Marching to Zion: A Novel by Mary Glickman
My rating: 5 of 5 stars
Marching To Zion by Mary Glickman begins with the story of Margaret Preacher, "Mags", who is a country girl and unfamiliar with big city sights. She has never been inside much less seen a building 5 stories high, and she is in awe of the differences between where she was born and raised as opposed to where she now finds herself. She got to the city by hitching a ride on the back of a milk truck where she managed to fit herself among the canisters. What she wants to do in this new and bigger place is borrow money so she can learn to do hairdressing for black women, and after she has the knowledge she needs, she'll be able to open her own store. A chance meeting on the street with Magnus Bailey, a kind of entrepreneur of the day, was a real stroke of luck. She'd like him to loan her $100 so she can get started learning her trade. She offers Magnus 10% of her profits until the loan is repaid, and Magnus would get 10% of her profits for 6 months beyond that. Instead of loaning her the money she needs to start her business, Magnus gives her $10 and sends her to a rooming house where she can get reasonable lodging. Magnus believes she will be able to find a job and earn the $100 she needs.
After several job interviews that did not pan out for her, Mags decides to apply for a job at a funeral parlor. George McCallum was the man in charge of most of the services the funeral home offered, and Mags was very impressed with how good George made the bodies look. She wanted him to teach her how to do that. Eventually Mags and George realize they love each other, so they marry, and both their lives are peacefully happy both at work and at home. Unfortunately, things change.
The St. Louis riots take place followed by an outbreak of the Spanish Fever, and it becomes necessary for Mags to pack up the people who are family, whether or not they are related by blood, and move them all back to where Mags came from. Mags has a cousin, Aurora Mae, who lived in a place known as the Stanton House. Mags decided to stay there, but the former owner of the funeral home, Mr Fishbein, his daughter, Minerva, and Magnus Bailey continue their travels heading toward Memphis.
From this point the stories of each of these people take turns none of them would have expected. Minerva has always been a troubled girl, and as she ages, she only becomes more and more unsettled as she cannot get what she wants for herself. It is at this point that the subjects of race and heritage become highly important to the characters in this story. Each of them deals with prejudice that ultimately affects their destiny. It is also at this point that the unfairness of such petty, by today's standards, differences lead to tragic consequences. Glickman does a superb job of letting the reader know exactly what the repercussions of being both Black and Jewish meant in this time frame, and it is heartbreaking. There is no level playing field for any of these people, but only one of them may be able to overcome what seems like an impossible, unsolvable burden.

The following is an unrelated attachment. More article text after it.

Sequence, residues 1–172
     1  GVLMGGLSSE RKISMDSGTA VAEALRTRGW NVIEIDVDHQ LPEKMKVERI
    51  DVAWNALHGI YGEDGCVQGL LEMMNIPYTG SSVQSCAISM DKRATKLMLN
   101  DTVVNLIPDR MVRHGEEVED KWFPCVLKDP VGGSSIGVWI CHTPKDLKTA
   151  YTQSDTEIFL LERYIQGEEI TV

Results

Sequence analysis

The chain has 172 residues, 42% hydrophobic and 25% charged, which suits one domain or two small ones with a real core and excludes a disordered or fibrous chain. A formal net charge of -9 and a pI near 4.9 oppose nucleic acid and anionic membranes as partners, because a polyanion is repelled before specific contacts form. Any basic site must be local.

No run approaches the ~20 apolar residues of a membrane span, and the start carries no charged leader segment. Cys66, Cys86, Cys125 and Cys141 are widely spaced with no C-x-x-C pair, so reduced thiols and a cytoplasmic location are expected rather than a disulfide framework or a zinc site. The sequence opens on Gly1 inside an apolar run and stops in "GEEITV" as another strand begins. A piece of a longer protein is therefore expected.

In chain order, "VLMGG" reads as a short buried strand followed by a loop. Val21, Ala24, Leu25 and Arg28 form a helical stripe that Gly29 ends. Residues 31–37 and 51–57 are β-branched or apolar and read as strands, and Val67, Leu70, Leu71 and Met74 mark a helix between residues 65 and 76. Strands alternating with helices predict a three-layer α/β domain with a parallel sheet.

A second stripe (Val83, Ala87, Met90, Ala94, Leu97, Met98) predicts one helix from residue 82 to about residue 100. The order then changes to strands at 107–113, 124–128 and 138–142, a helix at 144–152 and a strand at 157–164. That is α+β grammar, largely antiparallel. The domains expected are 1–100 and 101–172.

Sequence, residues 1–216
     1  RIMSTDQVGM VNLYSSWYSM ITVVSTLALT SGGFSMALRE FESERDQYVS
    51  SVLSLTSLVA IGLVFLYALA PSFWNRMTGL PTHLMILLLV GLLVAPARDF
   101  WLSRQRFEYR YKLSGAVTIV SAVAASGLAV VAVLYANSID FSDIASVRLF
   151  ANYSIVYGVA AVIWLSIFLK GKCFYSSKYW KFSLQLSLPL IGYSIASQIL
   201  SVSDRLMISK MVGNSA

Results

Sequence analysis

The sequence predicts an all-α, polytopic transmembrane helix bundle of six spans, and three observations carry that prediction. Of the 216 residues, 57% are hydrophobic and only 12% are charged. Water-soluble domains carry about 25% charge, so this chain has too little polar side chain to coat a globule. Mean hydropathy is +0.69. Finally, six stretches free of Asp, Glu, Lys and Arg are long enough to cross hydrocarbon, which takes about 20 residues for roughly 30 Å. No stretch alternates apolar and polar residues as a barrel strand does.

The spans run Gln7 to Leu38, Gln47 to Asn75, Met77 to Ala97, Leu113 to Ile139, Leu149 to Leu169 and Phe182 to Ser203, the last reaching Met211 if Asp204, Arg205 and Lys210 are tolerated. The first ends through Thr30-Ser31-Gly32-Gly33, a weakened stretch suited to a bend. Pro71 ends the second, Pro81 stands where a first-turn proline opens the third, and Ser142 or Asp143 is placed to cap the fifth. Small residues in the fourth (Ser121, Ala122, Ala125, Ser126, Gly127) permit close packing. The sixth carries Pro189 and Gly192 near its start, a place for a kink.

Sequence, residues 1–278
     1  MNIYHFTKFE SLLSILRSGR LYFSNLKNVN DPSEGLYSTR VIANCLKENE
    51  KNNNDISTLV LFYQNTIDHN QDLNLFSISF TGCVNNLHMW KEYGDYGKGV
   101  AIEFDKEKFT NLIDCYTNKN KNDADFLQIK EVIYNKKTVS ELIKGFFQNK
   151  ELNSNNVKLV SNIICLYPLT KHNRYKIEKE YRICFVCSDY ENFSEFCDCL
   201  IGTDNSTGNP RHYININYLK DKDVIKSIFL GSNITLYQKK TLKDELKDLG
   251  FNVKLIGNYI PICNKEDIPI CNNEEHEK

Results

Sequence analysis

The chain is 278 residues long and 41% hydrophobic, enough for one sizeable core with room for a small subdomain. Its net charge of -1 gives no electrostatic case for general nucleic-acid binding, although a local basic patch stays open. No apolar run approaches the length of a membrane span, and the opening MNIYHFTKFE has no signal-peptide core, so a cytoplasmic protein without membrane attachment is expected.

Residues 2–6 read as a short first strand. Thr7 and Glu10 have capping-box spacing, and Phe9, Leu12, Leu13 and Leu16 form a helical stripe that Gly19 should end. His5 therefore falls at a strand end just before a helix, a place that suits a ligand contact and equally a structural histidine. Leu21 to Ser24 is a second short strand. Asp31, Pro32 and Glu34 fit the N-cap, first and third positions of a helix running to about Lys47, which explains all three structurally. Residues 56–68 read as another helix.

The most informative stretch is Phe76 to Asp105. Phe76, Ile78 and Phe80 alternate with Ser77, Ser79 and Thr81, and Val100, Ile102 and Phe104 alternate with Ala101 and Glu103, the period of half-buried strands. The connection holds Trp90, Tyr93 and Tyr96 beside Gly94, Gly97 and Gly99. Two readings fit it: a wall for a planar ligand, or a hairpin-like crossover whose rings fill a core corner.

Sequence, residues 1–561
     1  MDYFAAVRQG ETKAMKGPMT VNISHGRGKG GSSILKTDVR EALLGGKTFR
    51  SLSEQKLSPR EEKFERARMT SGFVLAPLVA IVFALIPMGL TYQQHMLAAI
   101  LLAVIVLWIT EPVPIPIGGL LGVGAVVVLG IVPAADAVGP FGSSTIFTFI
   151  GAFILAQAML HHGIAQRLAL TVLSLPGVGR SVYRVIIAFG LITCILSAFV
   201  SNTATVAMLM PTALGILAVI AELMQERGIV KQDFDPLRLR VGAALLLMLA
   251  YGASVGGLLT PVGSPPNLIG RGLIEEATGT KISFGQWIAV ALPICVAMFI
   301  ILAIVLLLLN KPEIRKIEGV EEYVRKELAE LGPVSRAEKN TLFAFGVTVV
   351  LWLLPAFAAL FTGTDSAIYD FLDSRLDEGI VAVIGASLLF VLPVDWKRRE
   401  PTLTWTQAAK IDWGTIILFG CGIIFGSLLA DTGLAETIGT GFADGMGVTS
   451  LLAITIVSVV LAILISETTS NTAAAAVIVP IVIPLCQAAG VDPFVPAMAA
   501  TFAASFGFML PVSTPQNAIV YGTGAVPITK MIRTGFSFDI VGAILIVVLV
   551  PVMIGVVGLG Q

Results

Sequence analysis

I labeled this book as a historic novel along with other tags, because Glickman has included some important historical events in her narrative. These events, such as the St. Louis Riots do not normally get much if any special attention in history books, and that is an unforgivable oversight. Glickman cleverly, through characters I had come to deeply care about, told the story from a deeply personal side of how this one event changed the lives of so many people. And the hardest part to accept is that this event never had to take place at all. I also was unaware that the answer to racial problems for people in this country could be resolved by going to Europe. This country was founded upon the right of freedom, yet a huge portion of the population could never have that unless they left the country committed to providing it. The same holds true for religious freedom. That was available so long as the person seeking such freedom was of the "correct" religion. Only for Jews the option of going to Europe posed larger difficulties than staying in the US did.
While Glickman has addressed very heavy, important issues in her book, she did it all through very likable, very human characters. Nothing was so heavy handed as to appear one-sided. I thought Minerva, or Minnie, was such a good case in point. For me she embodied the stress and unfairness of the time in which she lived. Her fate was troubling.
I received an ARC of this book from Open Road Media in exchange for an honest review. That in no way influenced my rating of 5 Stars for this book. In fact, I'd have given the book more stars if possible. Read it - it's that good.
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